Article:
A couple of weeks ago I had the opportunity to visit one of the smallest schools in Japan. Now this is not a verifiable fact, it is just conjecture but a school with only eight students must come close to being one of the smallest. We live in the prefecture of Shiga, and Shiga is dominated by the largest lake in Japan. This in a way makes Shiga the Japanese "Great Lake State" that is why Shiga and Michigan are sister states. The city of Omihachiman, where we live, lies very close to the shores of Lake Biwa. Not far from the shore is the island of Okishima. The population of the island is not large, just a handful of families live there. The school has a grand total of eight students. Two students in first grade, two second graders, two fourth graders, and two sixth grade students.
I was picked up by someone from the Board of Education office in the morning at my school. We drove for about a half an hour to the ferry dock. We had to wait fifteen minutes for the boat to leave, but soon we were underway. We rode out to the island. The boat was a bit small and cramped. It was nice to feel the waves under us and the boat chopping across the water. the trip to the island took about ten minutes. next we had to walk from the dock to the school. It seemed to be just a hop, skip and a jump to the elementary school. We walked into the school and were immediately escorted to the principals office. We were given a nice cool glass of ice tea to cool us off on such a hot day. I had a chance to meet the principal and exchange pleasantries with him.
After about ten minutes in the presence of the principal, awkward silences and crickets chirping in the background, we headed off to teach my one class for the day. I walked into the multipurpose room and was greeted by about twelve smiling faces. There were eight students in four grades, and four teachers, one for each grade. We had a lot of fun with our lesson for that day. We worked on counting. We played games and sang songs. Yup, believe it or not I sang songs with the kiddies. They went screamin' for the hills, but what could they do? They were stuck on an Island. There was no escape from my English greatness. It was interesting to work with such a wide range of students. They ranged in age from first grade to sixth grade. But the levels of the students were about equal. They all worked and had fun.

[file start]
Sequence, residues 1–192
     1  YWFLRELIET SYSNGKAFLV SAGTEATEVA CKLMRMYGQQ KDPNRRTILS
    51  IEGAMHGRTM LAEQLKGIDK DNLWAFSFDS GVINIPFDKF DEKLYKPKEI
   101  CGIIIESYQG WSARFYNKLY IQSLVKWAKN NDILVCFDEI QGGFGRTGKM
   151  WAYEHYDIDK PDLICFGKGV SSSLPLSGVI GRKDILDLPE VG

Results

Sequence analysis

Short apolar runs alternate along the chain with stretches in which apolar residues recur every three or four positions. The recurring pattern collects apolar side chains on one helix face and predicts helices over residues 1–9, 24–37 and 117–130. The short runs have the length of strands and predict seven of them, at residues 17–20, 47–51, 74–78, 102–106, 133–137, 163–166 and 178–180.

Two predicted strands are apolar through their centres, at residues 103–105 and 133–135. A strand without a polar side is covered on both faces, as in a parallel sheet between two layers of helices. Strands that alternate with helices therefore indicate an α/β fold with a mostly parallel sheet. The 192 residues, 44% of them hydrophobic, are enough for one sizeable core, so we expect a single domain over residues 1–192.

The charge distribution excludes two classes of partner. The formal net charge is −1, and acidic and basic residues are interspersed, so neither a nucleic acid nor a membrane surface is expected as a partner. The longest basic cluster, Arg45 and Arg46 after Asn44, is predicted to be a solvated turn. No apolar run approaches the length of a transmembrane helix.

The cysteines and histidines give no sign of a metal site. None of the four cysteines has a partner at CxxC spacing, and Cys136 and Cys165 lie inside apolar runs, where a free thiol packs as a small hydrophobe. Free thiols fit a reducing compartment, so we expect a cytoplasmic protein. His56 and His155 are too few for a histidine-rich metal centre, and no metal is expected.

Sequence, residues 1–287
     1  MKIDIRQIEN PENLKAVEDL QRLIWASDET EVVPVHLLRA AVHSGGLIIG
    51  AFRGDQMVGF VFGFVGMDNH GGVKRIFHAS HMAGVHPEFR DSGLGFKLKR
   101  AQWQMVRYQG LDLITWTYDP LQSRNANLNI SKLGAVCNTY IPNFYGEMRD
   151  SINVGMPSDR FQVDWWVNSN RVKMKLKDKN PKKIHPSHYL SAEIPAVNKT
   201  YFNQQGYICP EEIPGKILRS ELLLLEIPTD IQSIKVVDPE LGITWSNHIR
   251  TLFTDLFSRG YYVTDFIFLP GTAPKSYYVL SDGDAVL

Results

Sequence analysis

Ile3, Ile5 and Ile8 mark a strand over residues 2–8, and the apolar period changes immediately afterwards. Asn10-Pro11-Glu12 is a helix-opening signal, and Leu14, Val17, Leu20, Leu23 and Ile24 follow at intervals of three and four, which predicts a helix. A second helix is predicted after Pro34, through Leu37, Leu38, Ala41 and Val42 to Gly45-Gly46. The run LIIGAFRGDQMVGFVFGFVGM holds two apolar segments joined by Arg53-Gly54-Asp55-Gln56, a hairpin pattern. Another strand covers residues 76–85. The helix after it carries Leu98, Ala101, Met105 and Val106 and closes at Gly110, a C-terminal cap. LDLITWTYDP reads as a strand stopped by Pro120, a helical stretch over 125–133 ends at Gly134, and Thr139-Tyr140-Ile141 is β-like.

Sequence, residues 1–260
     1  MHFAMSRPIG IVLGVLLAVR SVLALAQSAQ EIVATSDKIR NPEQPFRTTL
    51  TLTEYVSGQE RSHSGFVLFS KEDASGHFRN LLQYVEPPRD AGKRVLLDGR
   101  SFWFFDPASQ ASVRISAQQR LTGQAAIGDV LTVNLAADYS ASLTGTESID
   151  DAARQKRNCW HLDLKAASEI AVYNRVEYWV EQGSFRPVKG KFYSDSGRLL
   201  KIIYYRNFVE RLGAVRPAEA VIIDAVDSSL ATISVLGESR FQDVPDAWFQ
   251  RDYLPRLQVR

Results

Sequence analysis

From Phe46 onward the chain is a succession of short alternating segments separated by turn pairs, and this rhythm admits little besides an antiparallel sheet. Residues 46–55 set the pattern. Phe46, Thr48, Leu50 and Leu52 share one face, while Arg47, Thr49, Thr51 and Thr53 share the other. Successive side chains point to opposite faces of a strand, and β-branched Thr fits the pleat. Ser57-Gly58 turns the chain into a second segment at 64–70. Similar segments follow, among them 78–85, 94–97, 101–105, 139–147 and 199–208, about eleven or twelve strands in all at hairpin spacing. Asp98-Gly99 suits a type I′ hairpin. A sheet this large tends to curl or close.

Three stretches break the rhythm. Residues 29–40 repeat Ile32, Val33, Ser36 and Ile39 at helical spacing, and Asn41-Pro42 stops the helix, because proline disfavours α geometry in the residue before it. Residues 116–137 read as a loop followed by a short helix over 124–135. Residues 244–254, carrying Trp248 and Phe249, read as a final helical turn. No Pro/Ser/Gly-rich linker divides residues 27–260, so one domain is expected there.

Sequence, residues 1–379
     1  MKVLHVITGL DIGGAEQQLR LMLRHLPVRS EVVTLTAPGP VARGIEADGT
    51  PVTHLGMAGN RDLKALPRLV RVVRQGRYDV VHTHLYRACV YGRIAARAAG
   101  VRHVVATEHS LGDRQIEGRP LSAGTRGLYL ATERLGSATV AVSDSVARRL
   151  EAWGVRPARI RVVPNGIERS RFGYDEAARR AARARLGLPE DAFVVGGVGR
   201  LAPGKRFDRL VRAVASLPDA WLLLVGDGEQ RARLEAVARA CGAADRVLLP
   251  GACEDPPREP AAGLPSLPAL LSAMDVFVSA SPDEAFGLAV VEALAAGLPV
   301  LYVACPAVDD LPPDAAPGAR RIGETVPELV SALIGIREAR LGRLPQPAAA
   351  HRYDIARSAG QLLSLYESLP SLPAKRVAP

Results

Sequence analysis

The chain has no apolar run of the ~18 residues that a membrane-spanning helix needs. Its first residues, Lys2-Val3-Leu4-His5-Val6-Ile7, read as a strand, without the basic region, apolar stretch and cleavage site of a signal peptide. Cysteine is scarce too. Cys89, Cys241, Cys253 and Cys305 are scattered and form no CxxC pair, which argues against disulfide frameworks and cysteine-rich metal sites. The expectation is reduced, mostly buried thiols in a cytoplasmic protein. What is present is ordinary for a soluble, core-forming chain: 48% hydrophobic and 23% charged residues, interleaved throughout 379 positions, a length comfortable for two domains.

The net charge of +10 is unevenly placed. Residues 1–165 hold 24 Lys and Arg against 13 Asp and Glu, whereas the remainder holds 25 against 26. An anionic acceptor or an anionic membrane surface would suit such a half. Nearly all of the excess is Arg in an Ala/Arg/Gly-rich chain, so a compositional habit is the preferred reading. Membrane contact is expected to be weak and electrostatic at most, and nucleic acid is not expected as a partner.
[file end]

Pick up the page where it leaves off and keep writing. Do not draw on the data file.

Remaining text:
The saddest part of the day for me was that I had to leave the school before lunch. The ferry boat left the dock before they ate, so we had to make it back to the mainland before lunch. The positive side to this coin is that I managed to make it home earlier. I was able to eat lunch at my own kitchen table. Before leaving however I was given the gift of a bottle of C.C. Lemon. I drank this beverage which is like drinking bottled sunshine on the nice bike ride home. I felt much better after drinking my lemon soda as there are fifty lemons worth of vitamin C in every bottle. Good stuff.
All in all it was a neat day. I had a great day seeing one of the smallest schools that exists in Japan, and possibly the smallest school I will have the opportunity to teach at. It was neat to spend the morning with the students and teachers there. It was doubly nice when I returned to my desk on Monday and in the middle of the afternoon the secretary dropped a nice big fat envelope on my desk. I opened it and spilled the contents out onto the desk and I found that they had all written me thank you letters. Now all I have to do is get some help reading them. Doesn't really matter if I can read them or not though as I will treasure them forever.